I was having dinner some nights ago at a little Italian joint in Culver City. Got up to hit the men’s room, but it was occupied, so I stood in a rather dank hallway to wait. Suddenly, a side door from the restaurant flew open and a fairy appeared, clad in semi-diaphanous robin’s-egg-blue gown, gorgeous white hair swirled up like confectioner’s art. Two steps, and the fairy disappeared, having either walked right through a wall or into the ladies’ room, I wasn’t sure which.
It was then that I realized that it wasn’t a fairy. It was Judy Collins. Not that there is really much difference, for all intents and purposes.
So it was an odd bit of fateful foreshadowing, as it turns out, because a week later the vision reappeared in front of me--on stage at the Valley Performing Arts Center in decidedly earthly Northridge, doing what she has done since age three: singing. Lavender skirt, sparkly white blouse, red sequined jacket, cumulus cloud of white hair. And a voice a fairy would envy.
Actually, the voice appeared first, there in the darkened auditorium, a cappella, hauntingly intoning a few lines from “I’ll Be Home For Christmas.” The same song she sang, she later told the audience, when she debuted on stage as a child. “Of course, it was April,” she said, to laughter.
And so did the great Judy Collins--sorry, Ms. Collins, you now are saddled with that honorific--begin a two-hour solo concert/bio narrative, beneath a Christmas candelabra of poinsettia and pine, last Friday night. She began with a rousing, sunny “Chelsea Morning” (Joni Mitchell), touched on Bob Dylan, Leonard Cohen, Livingston-Evans, Stephen Stills, Irish folk, Jacques Brel, and a couple of her own songs along the way, finishing with a neatly understated reading of Stephen Sondheim’s “Send in the Clowns” (which she must be tired of singing by now.)
Collins’ life would be rejected as a novel. Her adored father was blind; she came down with polio at eleven and spent six months in isolation; she was groomed to be a child prodigy classical pianist; she bravely rejected Rachmaninov in favor of Woody Guthrie and Pete Seeger.
“It was hard to explain to my piano teacher that I was going to sing ‘Jimmy Crack Corn’,” she told the audience, in what has become a famous anecdote. “And my teacher later sighed, ‘Oh, little Judy, you could have gone somewhere. . .’”
Where she went, in the early ‘60s, was Greenwich Village, where she became part of the folk revival and the who’s-who of now-legendary names (she sat outside a basement door one night and listened to Dylan write “Mr. Tambourine Man,” which she lovingly sang in Northridge to great effect.) She made her big-time debut at Carnegie Hall in 1962, promptly contracted tuberculosis and spent six months in a hospital, became heavily involved in the protest movements of the ‘60s, drank with Janis Joplin, dropped with Michelle Phillips, became the namesake of Crosby, Stills & Nash’s “Suite: Judy Blue Eyes.” Somehow, she also managed to be a champion alcoholic (“In my family, they said if you couldn’t drink, you probably couldn’t read”) rehabbed out of it in 1978, survived the unimaginable horror of losing her only son to suicide, wrote autobiographies, released a new album, Bohemian (with three very fine self-penned songs, on her own Wildflower label) last year. . .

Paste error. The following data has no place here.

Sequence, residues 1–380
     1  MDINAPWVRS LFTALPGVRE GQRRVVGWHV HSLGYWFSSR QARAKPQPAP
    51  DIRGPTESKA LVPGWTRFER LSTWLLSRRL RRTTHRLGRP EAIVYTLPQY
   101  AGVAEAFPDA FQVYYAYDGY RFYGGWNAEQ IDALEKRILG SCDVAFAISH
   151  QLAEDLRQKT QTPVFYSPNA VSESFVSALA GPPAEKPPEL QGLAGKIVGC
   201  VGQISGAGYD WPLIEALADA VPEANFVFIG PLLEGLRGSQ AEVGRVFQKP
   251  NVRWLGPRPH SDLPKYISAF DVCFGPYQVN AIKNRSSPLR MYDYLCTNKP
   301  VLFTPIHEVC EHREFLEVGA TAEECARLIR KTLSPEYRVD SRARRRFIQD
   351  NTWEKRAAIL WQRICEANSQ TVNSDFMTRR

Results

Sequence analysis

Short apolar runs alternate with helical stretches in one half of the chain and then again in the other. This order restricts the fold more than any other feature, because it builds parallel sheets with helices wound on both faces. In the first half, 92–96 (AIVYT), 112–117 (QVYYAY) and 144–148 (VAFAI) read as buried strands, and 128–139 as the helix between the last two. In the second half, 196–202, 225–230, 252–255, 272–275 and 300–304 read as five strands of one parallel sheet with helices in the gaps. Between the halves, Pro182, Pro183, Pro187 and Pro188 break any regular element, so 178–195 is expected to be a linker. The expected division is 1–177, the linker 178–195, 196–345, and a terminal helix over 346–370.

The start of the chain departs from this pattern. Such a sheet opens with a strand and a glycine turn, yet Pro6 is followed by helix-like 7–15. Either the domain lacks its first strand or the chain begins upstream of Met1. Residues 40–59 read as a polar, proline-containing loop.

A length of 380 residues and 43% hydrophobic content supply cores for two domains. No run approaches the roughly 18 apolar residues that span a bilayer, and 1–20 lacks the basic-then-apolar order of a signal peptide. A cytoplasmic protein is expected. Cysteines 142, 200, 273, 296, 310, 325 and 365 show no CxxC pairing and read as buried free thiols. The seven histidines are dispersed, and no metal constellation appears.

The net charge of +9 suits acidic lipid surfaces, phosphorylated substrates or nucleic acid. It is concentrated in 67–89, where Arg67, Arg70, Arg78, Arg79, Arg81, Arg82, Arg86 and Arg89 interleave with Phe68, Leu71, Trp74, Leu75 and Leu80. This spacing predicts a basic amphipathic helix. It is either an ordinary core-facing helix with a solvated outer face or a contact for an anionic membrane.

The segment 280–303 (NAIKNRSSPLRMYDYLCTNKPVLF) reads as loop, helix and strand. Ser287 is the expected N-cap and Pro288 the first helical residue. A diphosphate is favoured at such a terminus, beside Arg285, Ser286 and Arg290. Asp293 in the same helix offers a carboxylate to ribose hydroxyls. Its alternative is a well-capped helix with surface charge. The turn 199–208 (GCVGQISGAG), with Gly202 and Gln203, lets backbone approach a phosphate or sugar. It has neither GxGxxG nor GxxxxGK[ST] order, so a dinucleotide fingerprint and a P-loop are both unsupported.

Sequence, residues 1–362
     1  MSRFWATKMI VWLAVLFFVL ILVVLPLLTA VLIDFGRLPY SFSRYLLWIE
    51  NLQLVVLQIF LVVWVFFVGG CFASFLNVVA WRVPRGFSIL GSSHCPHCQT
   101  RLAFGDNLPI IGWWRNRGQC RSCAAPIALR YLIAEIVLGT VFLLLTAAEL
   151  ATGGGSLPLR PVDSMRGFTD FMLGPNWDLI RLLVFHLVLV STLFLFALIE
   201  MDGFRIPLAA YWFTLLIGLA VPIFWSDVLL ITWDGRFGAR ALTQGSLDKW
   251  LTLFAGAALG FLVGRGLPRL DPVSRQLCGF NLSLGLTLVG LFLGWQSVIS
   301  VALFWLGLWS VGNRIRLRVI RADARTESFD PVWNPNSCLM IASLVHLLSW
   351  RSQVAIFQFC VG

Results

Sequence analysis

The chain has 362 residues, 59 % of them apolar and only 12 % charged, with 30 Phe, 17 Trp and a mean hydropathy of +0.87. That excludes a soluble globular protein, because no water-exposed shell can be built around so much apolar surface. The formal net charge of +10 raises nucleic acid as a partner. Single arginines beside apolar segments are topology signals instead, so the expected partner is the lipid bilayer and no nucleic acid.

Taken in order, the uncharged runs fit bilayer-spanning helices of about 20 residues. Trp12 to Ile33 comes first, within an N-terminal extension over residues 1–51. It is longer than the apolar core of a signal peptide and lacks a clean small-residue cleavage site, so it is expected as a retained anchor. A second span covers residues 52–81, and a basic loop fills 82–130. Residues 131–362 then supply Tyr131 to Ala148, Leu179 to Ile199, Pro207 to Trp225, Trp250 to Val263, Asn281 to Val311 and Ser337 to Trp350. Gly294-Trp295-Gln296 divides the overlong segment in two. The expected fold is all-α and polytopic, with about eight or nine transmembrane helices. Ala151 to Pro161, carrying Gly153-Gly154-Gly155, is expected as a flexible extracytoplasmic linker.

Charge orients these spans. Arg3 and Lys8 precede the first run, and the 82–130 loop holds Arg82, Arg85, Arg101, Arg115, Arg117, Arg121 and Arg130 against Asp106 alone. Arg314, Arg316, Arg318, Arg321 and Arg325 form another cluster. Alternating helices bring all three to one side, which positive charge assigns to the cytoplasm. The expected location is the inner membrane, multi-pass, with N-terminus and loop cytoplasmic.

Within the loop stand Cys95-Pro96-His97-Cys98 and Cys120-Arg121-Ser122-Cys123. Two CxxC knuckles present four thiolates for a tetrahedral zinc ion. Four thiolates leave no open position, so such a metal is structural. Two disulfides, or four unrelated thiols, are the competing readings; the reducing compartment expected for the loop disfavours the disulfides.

And at a trim, toned, petite age 73(!), she performs about a hundred concerts a year. Her iconographic silvery soprano still sails out powerfully, even thrillingly.
“I went through all of it, the sex, drugs, and rock ‘n’ roll,” she told the full house, remembering that she wanted to use this well-worn phrase as the title of one of her autobiographies, Sweet Judy Blue Eyes. “My publisher said, ‘people don’t really think of you that way.’ I said, ‘Why don’t you read the book?’”
The facts, debauched and otherwise, of this fabulous, tumultuous, tragic, triumphant life really become so much back-story when she performs, aside from narrative value. What you are seeing is an artist and trouper at work, skills strong, burnished, substantial, surprising. Oddly, when she la-la’d a line from the Rachmaninov piano concerto No. 2 (I think), it was so arresting that you almost wished she’d have just kept going, and you couldn’t help but wonder what sort of pianist she might have been...
The evening came in two sets, the first with Collins strumming acoustic guitar and accompanist/musical director Russell Walden at piano (and some vocals), the second with Collins-in-black at the piano. She drifted in and out of snippets of songs as she told her story, here a bit of “My Funny Valentine,” there a touch of “This Land is Your Land” and “Moon River.” There was a nice John Denver medley of “Leaving on Jet Plane / Country Roads / Leaving on a Jet Plane,” a singalong of “Silver Bells,” and an a cappella rendition of “Danny Boy” that somehow made this impossibly sad old song impossibly sad all over again. (Credit: Irishness.) There were two Jacques Brel art-songs, “The Desperate Ones” (on her Bohemian album) “Sons Of,” Stills’ “Helplessly Hoping,” Cohen’s classic, “Susanne,” but for this listener’s interest, the highlights were her own songs: the epic, “The Blizzard of Colorado,” and, notably the new “Big Sur” from Bohemian, a transcendant, poignant rhapsody: I know this stretch of road, I’ve been here often / The ocean rolls as far as you can see / The rocky coast is misty in the sunlight / The seagulls flying low are flying free / An the waves are like my memories and desires / Spreading out to carry me along / and I remember everything that mattered / The times when I was weak instead of strong...
It became apparent, as the evening of journeyman, or journeywoman, performance drew on, that Collins’ still-glorious vocal instrument has been a great gift to her, one that has carried her along through a great deal in life, and that, at least for two hours in Northridge, was a gift to an appreciative audience. A Christmas gift.